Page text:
We all have different ways of getting happy. When life gets busy and stressful, don’t lose sight of the light at the end of the tunnel. Learn how six happy women keep in touch with the brighter side of life.
Approach exercise as a way to lift your spirits instead of a way to lose weight. When you think of it as a mood booster and not a chore, you may be more likely to stick to a routine. Many women love that running provides a rush of endorphins and helps them sleep at night. Natalie, a copywriter, swears by the way running makes her feel happy. “Particularly the no-pressure runs where I'm just enjoying my tunes, a loose mileage goal, permission to walk as often as I want and daydream about being a super spy who is training to defeat robots,” she says.
With all the pressures of work and family, every now and then, you need some time just to relax and veg out. At the end of a long day, don’t be afraid to indulge in some seriously silly television. You’ve earned the distraction. Whether you love documentaries or reality TV, don’t judge yourself. Curl up on the couch and zone out. Tracy, a graphic designer, loves her romantic comedies. “Indulge in a guilty pleasure,” she says. “For me, it's schmoopy rom-coms, while drinking a beer and eating an entire bowl of popcorn.”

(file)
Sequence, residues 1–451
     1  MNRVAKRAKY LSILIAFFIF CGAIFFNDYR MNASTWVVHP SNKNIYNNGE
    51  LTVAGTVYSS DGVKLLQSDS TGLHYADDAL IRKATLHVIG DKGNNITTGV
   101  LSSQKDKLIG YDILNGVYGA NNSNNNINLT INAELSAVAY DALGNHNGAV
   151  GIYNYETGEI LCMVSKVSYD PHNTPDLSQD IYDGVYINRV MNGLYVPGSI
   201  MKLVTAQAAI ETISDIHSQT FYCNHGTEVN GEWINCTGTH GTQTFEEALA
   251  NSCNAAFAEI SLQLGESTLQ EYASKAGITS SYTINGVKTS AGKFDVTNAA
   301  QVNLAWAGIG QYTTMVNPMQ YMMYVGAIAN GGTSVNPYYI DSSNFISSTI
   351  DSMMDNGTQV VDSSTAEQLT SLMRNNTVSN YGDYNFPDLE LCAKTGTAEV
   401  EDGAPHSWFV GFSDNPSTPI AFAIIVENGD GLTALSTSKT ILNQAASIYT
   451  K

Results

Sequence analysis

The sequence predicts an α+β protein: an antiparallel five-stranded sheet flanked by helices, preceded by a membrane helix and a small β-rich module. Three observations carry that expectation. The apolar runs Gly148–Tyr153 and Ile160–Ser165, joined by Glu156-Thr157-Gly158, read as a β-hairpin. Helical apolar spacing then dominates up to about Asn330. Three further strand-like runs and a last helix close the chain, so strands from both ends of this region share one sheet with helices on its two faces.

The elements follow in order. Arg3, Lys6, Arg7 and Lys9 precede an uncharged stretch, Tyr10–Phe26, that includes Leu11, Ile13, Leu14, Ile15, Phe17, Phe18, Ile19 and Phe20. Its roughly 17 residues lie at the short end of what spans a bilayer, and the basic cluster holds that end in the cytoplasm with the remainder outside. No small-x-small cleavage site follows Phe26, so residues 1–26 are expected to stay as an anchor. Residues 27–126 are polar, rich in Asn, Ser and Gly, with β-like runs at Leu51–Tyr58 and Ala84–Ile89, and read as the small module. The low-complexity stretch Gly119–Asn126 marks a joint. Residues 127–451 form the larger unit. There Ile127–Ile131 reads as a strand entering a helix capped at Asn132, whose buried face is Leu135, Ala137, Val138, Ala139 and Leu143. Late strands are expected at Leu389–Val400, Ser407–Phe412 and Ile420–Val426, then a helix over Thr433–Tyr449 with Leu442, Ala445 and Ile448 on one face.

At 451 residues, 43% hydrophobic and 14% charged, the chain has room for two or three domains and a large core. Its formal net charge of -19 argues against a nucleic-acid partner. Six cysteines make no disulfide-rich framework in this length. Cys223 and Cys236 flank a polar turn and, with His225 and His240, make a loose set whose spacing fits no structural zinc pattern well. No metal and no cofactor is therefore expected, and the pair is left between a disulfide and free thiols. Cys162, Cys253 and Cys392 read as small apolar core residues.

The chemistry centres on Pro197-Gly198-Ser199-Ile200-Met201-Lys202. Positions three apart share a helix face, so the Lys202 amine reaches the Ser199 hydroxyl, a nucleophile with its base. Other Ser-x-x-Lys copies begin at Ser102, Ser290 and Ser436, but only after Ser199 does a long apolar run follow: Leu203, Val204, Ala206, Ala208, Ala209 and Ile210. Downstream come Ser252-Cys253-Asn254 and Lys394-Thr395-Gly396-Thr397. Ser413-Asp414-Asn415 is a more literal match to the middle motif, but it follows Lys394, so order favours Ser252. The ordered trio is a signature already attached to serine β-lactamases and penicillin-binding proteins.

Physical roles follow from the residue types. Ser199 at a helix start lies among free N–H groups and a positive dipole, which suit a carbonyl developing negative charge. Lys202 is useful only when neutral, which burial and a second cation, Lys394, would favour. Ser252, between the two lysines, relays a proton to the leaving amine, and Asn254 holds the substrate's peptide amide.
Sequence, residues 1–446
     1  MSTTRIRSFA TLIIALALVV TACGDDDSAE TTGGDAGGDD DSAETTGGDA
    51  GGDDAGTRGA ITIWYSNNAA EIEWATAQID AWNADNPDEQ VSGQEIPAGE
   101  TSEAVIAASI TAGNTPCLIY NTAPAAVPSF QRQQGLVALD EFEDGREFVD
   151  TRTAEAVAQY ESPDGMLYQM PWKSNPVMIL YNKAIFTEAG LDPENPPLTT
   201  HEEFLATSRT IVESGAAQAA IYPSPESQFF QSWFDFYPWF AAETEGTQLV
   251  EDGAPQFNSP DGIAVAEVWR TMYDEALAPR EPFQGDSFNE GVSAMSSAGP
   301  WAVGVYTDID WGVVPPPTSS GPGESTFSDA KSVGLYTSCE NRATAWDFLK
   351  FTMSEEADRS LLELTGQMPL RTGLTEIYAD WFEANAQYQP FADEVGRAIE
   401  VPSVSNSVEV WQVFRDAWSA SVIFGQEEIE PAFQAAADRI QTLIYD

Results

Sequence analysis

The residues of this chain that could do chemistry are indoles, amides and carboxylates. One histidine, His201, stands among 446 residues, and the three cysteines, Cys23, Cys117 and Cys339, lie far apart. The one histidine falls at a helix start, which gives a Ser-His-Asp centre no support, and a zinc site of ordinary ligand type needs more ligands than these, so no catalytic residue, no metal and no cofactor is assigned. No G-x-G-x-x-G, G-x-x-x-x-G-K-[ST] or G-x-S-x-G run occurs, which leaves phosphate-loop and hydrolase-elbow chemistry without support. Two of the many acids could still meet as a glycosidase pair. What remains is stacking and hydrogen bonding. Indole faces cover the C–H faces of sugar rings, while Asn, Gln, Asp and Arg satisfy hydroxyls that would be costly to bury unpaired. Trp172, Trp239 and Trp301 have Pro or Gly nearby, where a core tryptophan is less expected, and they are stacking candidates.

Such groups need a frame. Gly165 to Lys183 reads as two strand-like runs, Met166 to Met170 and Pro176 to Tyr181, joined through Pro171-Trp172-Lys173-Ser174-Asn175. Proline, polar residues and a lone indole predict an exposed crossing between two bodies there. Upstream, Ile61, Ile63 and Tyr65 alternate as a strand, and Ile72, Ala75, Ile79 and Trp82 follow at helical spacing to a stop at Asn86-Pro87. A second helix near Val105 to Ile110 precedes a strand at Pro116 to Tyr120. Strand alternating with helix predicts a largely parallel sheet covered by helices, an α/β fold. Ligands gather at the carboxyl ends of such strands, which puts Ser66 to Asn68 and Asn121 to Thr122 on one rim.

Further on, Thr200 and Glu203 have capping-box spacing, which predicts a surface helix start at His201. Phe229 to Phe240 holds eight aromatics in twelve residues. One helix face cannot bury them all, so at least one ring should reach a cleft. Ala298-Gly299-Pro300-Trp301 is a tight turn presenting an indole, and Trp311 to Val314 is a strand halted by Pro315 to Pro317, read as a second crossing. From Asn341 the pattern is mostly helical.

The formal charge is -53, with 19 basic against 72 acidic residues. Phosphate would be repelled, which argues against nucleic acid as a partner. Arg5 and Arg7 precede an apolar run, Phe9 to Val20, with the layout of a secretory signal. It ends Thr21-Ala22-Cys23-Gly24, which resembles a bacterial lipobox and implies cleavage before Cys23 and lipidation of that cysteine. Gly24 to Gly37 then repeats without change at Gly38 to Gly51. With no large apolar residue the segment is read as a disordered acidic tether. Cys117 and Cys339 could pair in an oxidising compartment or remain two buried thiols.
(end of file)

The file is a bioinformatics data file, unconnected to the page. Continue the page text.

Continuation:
As a mother, you spend a lot of time making others happy. You can’t be happy if you don’t spend some of that time and energy on yourself. Caroline, a social media analyst, suggests focusing on things that make you — and only you — happy. “Not making someone else happy, not your kids, no one else,” she says. “I'm a lot happier knowing now what I like to do in my free time and what makes me a whole individual. Now that I have that down, I am happier to give to those around me.”
It’s easier than you think to escape to a fantasy world. Just pick up a book. The subjects may have changed since you were 7, but the concept remains the same. Books are a great way to get away. Tara, a blogger, reads regularly to stay happy. “I read for at least an hour before bed every night, and listen to audio books when I run or am in the car alone or am shopping alone,” she says. “Escaping into a fictional world helps me to unwind and relax and forget my troubles for a bit.”
Happiness may be closer than you think. Leaning on family, even the memory of loved ones who have passed, can be a source of strength and happiness. Chrissy, a blogger, holds the memory of her grandmother close. “I'm not sure why this started, but sometime around high school I started to think about decisions in the sense of ‘what would my grandma think about this.’ Perhaps she was the little angel on my shoulder,” Chrissy says. “Or perhaps I just really respected her and the person that she was and hoped I could be like her one day. But that thought process has stayed a constant in my life.”
Rachel, who works in the publishing industry in New York City, jams out to her favorite music to feel happy. “Hip hop and R&B from the early ’90s always lightens my mood,” she says. “Probably because it presents a reality that is fairly different from mine, yet light-hearted.” If you don’t listen to music often, try to make it a habit while you’re driving or while you’re working. Use streaming web radio to tune in to music that uplifts you, whether it’s inspirational ballads or arena rock.
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